A Summary of the Circular Letters of the Narragansett Baptist Association
1860-1874 - Rhode Island
CIRCULAR LETTERS -- HISTORICAL SKETCHES.
When Associations were first organized in this country the isolated condition of the churches, the difficulty and expense of communication whether by messengers or by mail and the entire absence of religious periodicals invested the Circular Letter with an importance and an authority of which but the shadow remains. Its chief office was instruction on important questions of the day; encouragement was but an incidental function. Hence a review of subjects presented, mirrors the thought and the condition of the churches at the time. A brief glance at those issued by this body is, therefore, appropriate.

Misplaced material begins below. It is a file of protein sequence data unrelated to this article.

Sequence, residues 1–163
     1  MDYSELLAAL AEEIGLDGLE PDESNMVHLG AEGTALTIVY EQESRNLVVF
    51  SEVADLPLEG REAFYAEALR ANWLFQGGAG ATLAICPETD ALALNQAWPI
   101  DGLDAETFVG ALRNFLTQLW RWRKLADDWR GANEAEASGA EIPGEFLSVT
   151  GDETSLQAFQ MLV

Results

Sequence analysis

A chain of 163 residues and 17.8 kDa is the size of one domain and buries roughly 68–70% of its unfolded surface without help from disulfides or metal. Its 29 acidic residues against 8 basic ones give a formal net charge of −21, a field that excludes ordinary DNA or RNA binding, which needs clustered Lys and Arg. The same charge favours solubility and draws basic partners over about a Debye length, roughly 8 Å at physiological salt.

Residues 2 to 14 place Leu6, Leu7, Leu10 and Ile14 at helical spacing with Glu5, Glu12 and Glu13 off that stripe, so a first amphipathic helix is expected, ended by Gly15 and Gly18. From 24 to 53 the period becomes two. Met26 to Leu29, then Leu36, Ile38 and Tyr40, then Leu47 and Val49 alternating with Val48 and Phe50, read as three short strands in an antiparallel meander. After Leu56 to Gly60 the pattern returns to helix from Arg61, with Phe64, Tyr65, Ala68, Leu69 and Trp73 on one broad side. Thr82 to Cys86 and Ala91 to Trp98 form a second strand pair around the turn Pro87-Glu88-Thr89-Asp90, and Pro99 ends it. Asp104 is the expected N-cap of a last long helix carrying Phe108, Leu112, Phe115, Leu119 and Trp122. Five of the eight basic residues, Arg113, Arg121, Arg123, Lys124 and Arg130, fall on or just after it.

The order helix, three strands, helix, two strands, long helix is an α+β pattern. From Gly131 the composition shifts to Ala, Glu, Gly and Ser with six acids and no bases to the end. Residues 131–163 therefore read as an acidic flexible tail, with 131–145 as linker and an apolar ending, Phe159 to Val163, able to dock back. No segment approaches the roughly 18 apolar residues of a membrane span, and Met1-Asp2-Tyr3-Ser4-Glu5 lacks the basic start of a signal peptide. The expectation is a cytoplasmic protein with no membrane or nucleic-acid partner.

The first very properly gave (after a brief sketch of the rise of the Warren Association and the birth of its several daughters) the exclusive object of the new organization which "is to bring up the churches embraced therein to a higher plane of usefulness," to accomplish which it was declared "nothing is needed but the simple nurture of the gospel." "We acknowledge no other law of vitality and increase than this; we know no other." The next year we considered the "Hinderances [sic] to Conversion and Church Membership as found within the pale of the Visible Church." Then the "Moral Obligation of Members to Abide by the Decisions of tile Churches to which they Belong," was presented with a clearness and vigor that could have originated only in the personal experience of the author. Naturally followed "Christian Obedience an Evidence of Grace and the Condition of its Increase." "We can know that we feel like Christians only when and so far as we act like Christians." The spirit of eclecticism in duty is rebuked, and the spirit of lawlessness whereby Christians are led to "neglect their covenant obligations as persistently as if they were unconscious that every step of their pathway through life they added the sin of perjury to the baseness of ingratitude." It is asked, "If church oaths cannot bind Christians, is it to be supposed that State oaths will bind men of the world? The one great lesson of the frightful tragedy now enacting before our eyes, (the great rebellion) is the danger of disobedience; the sanctity of oaths and law." "The ownership of Christ in His disciples, and the claims He has consequently upon each of them," was possibly suggested by the invalidity of the claim of one man to possess another then being demonstrated by the Almighty through the inexorable logic of events. The restoration of peace was signalized by "Brotherly Love, the Badge and Bond of true Disciples." "The importance of a more constant and systematic study of the Sacred Scriptures," was then urged as promoting "stability of Christian character, growth in the divine life and unity of religious convictions among Christians." "Two years later, attention was directed to Christian knowledge, its nature, the obligations to acquire it and its uses. Then "one of the most important duties of our holy religion, a benevolent regard for the interests of our fellowmen," was insisted upon. Finally, in 1870, instruction was given in the matter of "Ordinance Keeping." "The New Testament Ordinances are but two: Baptism; and the Lord's Supper;" "to every baptized organized body of believers they are committed for keeping and perpetuation," and "they are to be kept as Christ and His commissioned delegates delivered them to us, because our Lord has expressly bidden us to do so," and because they are "Truth Bearers, -- forms and modes of conduct charged with great evangelical ideas -- symbolic acts, speaking as no words could speak to men -- speaking the same symbolical acts, speaking as no words could speak to men -- speaking the same truths and ideas to all nations, amid all the inevitable changes in the forms and meanings of words." A Circular Letter was prepared and read in 1872, but was displaced from the Minutes by the Historical Sketch of the Second South Kingstown Church. In 1876 a Letter was published aptly answering the question on everyone's lips: "What shall we read?" in place of a Sketch, but long since it was determined to be the policy of the Association to gather up as promptly as possible into enduring form the early history of her churches, that no more fragments thereof be lost. ==========[From George B. Peck, "Historical Sketch of the Narragansett Baptist Association," 1874. A 15 page booklet from Andover Newton Theological Library. jrd]
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